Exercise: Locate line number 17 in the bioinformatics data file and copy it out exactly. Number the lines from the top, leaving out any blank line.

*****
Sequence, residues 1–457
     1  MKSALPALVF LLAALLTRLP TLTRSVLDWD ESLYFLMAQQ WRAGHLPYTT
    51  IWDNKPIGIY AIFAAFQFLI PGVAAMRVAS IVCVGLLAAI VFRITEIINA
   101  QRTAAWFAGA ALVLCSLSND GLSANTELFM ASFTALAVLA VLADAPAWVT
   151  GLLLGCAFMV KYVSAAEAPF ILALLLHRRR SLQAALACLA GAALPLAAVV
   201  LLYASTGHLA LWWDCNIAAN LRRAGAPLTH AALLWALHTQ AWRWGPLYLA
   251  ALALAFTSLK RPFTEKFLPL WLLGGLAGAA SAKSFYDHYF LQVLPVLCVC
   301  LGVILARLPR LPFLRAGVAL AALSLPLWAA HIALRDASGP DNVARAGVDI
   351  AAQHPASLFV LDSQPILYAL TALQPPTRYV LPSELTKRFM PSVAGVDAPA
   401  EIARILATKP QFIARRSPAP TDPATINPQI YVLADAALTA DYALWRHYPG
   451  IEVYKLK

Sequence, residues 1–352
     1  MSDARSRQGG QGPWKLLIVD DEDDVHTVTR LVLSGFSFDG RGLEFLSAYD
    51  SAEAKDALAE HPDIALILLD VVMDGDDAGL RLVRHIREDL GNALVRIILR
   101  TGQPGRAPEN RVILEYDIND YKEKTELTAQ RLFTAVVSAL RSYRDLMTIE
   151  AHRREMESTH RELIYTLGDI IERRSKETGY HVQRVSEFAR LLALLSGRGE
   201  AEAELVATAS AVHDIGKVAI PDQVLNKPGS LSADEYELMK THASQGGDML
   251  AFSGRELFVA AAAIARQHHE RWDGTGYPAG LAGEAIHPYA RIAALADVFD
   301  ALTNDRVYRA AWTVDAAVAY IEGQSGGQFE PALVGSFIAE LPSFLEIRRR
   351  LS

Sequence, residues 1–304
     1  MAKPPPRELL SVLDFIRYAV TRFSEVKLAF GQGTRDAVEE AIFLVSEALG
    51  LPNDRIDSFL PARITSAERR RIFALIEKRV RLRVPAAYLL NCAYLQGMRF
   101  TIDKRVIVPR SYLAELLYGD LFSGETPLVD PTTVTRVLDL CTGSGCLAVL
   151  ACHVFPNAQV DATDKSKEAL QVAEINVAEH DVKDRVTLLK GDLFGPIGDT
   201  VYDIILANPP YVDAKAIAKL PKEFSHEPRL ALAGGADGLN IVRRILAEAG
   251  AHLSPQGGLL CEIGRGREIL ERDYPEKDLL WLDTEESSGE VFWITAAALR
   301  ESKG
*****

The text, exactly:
   201  AEAELVATAS AVHDIGKVAI PDQVLNKPGS LSADEYELMK THASQGGDML